Ring surveillance camera owners should be on alert for hackers tapping into their devices.
Reports across the country show strangers are not only watching people inside their homes but also talking through the camera.
A Ring spokesperson said they haven't experienced an internal breach. A local security expert believes hackers are using the dark web to track down personal information including usernames and passwords.
Most Ring camera owners like Mike Jones of Whitefish Bay purchased the devices to deter criminals or to at least have video evidence so police can catch them.
"I know people are trying to take packages from the doors especially with the holiday season," Jones said.
Within the past few days, several reports show the extra piece of security may not be as safe as it seems. A Florida couple realized they weren't just being watched when they heard a strange voice coming from their Ring.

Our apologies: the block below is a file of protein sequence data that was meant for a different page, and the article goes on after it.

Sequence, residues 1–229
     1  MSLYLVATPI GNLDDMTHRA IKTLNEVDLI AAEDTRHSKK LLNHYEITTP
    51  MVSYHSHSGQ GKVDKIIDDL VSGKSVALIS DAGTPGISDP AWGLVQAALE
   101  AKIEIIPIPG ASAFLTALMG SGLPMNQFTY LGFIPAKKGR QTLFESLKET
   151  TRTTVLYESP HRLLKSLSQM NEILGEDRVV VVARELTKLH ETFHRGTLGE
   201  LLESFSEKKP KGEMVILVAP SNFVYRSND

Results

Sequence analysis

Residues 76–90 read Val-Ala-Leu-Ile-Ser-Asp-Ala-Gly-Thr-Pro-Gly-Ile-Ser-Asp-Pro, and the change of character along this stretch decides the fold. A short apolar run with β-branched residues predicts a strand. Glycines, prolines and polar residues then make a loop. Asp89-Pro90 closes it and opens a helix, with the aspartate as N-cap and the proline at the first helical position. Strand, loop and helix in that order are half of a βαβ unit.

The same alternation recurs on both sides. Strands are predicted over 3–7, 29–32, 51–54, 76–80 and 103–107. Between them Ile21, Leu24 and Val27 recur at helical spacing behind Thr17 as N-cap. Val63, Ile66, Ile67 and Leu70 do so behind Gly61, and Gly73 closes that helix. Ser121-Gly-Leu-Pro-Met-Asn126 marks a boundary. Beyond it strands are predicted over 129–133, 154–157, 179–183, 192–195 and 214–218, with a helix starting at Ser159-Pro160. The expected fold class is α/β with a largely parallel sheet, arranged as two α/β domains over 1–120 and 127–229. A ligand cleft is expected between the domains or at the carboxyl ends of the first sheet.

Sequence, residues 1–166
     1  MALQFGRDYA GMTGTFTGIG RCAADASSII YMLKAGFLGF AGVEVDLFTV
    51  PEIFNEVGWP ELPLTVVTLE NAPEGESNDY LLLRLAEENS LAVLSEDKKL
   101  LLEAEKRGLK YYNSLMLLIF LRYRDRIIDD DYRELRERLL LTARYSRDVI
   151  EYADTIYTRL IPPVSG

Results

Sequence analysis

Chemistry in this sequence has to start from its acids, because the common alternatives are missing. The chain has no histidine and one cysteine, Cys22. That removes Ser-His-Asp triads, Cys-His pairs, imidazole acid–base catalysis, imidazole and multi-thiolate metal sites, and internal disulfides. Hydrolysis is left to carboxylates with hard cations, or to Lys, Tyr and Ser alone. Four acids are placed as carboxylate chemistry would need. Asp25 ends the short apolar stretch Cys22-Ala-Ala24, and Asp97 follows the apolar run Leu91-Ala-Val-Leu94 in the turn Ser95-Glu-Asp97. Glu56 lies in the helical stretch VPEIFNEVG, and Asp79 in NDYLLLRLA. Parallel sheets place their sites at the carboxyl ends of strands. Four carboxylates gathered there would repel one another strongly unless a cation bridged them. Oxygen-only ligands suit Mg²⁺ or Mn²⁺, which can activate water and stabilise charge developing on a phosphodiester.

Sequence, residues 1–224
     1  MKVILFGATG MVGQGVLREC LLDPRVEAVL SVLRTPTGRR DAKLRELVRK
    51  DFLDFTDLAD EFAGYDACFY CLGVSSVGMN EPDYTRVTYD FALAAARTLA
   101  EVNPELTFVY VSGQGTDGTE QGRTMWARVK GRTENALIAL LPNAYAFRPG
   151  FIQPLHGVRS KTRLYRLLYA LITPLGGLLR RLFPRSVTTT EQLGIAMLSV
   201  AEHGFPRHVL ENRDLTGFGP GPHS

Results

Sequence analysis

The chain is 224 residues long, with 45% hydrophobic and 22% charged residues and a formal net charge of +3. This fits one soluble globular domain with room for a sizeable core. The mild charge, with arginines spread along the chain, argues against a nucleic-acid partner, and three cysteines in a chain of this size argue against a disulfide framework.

"Can you bring like a web browser up on your phone?" the hacker said.
In Mississippi, a hacker creeped out an 8-year-old girl in her bedroom.
"I'm your best friend. I'm Santa Claus," the hacker told the girl.
In Georgia, yet another mysterious voice terrified a homeowner.
"I can see you in bed! Come on, wake the (expletive) up," the hacker said.
Ring said their security was not breached, adding that hackers "often re-use credentials stolen or leaked from one service on other services"
Alex Holden is a cybersecurity expert in Mequon. He said past data breaches exposed peoples' usernames and passwords for hackers to find on the dark web.
"There are billions of passwords out there on the dark web where the bad guys are trading those and there's tools available on the dark web already to guess passwords in huge numbers against Ring.com," Holden said.
Ring suggests customers enhance their security by setting up two-factor authentication which disallows strangers from using your account without permission.
Holden says Ring owners should also frequently change their passwords and should not use the same password for multiple accounts.
"Check if you're using a unique and complex password, if you don't, change it to something unique and complex," Holden said.